WHO Releases 2019 Essential Medicines List: What Was Added, Missed in Oncology?

The World Health Organization (WHO) released its biannual Essential Medicines List, adding 28 new drugs. The list includes treatments that WHO regards as global standards that should be available everywhere and aims to help governments make the best choices for their health systems.

WHO defines essential medicines as those that satisfy the priority healthcare needs of the population. The drugs are selected based on disease burden, efficacy and safety data, and comparative cost-effectiveness.

The newly added oncology treatments are:

  • Opdivo® (nivolumab) as frontline monotherapy for the treatment of unresectable and metastatic melanoma
  • Velcade® (bortezomib), Revlimid® (lenalidomide), Thalomid® (thalidomide), and melphalan for newly diagnosed multiple myeloma in both the transplant-eligible and -ineligible setting
  • Tarceva® (erlotinib) for the frontline treatment of EGFR-mutated advanced non-small cell lung cancer (NSCLC; with Gilotrif® [afatinib])
  • Zytiga® (abiraterone) for metastatic castration-resistant prostate cancer
  • Trisenox® (arsenic) oral and intravenous formulations for acute promyelocytic leukemia
  • Oncaspar® (pegasparagase) for acute lymphocytic leukemia (ALL)

The experts also considered the following but did not recommend them for inclusion:

  • Nivolumab, pembrolizumab, and atezolizumab (Tecentriq®) for the treatment of NSCLC
  • Perjeta® (pertuzumab) for human epidermal growth factor receptor 2 (HER2)-positive breast cancer
  • Kadcyla® (trastuzumab) for HER2-positive breast cancer
  • Truxima® (subcutaneous rituximab) and trastuzumab

Several cancer-related diagnostic tests were also added, including:

  • Lactate dehydrogenase activity test, which is used for the prognosis and monitoring of hematologic malignancies and germ cell tumors
  • Estrogen and progesterone receptor tests, which are used for the diagnosis, prognosis, and treatment of breast cancer
  • Tyrosine protein kinase receptor or HER2 overexpression tests, which used for the diagnosis, prognosis, and treatment of breast cancer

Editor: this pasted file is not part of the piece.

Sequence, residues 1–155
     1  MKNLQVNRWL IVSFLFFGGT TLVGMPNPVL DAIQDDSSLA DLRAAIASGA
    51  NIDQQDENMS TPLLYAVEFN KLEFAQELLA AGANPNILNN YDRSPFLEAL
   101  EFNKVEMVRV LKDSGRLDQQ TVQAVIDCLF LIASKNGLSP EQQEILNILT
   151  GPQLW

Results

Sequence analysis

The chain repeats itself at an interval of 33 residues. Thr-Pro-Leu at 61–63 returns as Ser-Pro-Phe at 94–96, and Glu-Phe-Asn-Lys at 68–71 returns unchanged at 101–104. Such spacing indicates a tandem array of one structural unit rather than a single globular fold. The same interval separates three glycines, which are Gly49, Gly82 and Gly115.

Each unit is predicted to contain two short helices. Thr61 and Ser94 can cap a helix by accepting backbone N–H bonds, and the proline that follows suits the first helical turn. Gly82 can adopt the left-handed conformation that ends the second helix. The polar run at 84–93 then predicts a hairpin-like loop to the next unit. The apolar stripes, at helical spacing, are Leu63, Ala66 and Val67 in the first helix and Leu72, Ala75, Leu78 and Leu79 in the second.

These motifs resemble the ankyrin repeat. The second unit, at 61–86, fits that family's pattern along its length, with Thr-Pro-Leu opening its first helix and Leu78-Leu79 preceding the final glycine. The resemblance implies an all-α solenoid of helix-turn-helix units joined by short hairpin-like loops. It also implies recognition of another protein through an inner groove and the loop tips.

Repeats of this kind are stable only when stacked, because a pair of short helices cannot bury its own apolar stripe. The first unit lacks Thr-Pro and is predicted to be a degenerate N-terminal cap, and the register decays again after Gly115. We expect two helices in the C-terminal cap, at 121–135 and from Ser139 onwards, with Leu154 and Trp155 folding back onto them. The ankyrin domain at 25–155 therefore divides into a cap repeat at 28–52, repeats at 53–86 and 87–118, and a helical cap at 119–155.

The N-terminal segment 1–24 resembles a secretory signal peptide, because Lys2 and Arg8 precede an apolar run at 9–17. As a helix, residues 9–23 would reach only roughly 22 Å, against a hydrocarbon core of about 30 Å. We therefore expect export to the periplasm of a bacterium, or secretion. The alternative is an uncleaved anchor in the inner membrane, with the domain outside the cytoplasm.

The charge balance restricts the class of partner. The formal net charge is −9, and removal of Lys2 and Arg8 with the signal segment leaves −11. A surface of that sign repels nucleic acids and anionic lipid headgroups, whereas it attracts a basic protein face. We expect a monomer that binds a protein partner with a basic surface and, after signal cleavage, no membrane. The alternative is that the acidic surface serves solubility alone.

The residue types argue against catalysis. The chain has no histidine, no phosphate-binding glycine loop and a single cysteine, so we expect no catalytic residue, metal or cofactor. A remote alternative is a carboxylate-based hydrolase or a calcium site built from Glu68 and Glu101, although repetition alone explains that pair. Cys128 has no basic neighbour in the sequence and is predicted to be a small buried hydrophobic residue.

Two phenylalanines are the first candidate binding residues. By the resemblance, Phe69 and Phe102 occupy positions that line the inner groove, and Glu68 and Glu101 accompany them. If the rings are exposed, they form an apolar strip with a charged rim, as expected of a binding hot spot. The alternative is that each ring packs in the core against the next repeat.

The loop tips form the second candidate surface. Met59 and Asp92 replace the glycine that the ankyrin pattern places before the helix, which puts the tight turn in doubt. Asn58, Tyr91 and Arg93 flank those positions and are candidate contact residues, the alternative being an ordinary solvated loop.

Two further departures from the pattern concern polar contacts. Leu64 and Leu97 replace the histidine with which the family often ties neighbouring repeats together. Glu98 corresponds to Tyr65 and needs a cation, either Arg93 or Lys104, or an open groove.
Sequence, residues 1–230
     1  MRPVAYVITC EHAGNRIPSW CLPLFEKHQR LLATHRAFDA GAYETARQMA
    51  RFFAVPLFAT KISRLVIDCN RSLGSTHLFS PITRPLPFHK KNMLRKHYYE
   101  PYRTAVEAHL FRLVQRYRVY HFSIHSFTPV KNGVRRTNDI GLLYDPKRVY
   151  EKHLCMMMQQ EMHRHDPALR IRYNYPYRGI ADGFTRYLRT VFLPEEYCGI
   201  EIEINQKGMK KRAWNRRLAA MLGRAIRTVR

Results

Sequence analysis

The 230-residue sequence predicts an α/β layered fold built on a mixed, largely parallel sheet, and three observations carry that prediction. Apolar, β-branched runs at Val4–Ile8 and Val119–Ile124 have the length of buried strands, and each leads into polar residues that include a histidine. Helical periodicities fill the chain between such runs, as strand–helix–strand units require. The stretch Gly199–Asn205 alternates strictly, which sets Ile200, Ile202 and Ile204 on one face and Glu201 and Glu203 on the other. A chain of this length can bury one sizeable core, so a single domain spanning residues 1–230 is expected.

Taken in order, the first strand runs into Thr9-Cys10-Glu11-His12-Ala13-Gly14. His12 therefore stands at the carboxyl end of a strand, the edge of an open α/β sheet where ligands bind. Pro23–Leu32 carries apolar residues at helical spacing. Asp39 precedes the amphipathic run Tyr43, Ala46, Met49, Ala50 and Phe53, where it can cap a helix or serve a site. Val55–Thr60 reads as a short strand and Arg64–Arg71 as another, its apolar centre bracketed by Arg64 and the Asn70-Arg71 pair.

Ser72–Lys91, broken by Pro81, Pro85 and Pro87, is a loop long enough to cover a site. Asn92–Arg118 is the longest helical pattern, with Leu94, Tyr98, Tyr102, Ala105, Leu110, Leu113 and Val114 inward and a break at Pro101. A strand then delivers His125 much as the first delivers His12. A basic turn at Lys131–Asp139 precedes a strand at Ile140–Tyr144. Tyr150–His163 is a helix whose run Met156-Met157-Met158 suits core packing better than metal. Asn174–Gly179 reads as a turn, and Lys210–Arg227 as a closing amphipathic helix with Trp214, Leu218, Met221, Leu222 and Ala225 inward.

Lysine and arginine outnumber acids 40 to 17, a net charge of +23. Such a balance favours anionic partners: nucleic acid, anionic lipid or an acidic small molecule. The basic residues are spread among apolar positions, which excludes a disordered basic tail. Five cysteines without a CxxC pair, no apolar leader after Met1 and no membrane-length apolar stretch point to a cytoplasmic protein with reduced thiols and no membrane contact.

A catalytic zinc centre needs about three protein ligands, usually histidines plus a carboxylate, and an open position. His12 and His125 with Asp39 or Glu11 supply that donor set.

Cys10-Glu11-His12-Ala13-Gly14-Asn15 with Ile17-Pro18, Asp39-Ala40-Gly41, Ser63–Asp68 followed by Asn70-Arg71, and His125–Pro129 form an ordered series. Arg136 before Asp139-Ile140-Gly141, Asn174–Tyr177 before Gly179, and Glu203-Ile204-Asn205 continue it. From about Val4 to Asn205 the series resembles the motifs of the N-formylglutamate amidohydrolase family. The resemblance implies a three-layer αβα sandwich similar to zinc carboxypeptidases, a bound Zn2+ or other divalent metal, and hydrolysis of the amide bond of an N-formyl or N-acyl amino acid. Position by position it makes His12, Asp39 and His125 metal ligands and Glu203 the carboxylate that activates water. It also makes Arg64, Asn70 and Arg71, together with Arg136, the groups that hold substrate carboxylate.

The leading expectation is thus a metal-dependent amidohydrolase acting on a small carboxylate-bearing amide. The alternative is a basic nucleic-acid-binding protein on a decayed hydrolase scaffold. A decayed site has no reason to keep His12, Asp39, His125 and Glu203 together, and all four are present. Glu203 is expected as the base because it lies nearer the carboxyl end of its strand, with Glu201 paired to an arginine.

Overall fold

• Papanicolaou test, which is used for cervical cancer screening
  • Prostate-specific antigen test, which is used for the diagnosis and monitoring of prostate cancer
  • Fecal immunochemical test, which is used for colorectal cancer screening
  • Human chorionic gonadotrophin (hCG) plus betahCG, which is used for the diagnosis and surveillance of germ cell tumors and gestational trophoblastic disease
  • Alphafetoprotein immunoassay, which is used in conjunction with ultrasound for screening for hepatocellular carcinoma in high-risk individuals with liver cirrhosis and those who have a family history; it is also used for the staging and monitoring of germ cell tumors
  • Basic panel for immunohistochemical testing, which is used for the diagnosis of lymphoma, as well as for subclassification, prognosis, and treatment
  • Basic panel of immunohistochemical markers, which are used for the diagnosis of solid tumors
  • BCR-ABL1and ABL1 transcript tests, which are used for the diagnosis and monitoring of chronic myelocytic leukemia (CML) and CML variants (neutrophilic CML) and for the prognosis of ALL
  • Essential flow cytometry panel of antibodies for leukemia, which is used in the diagnosis of acute leukemias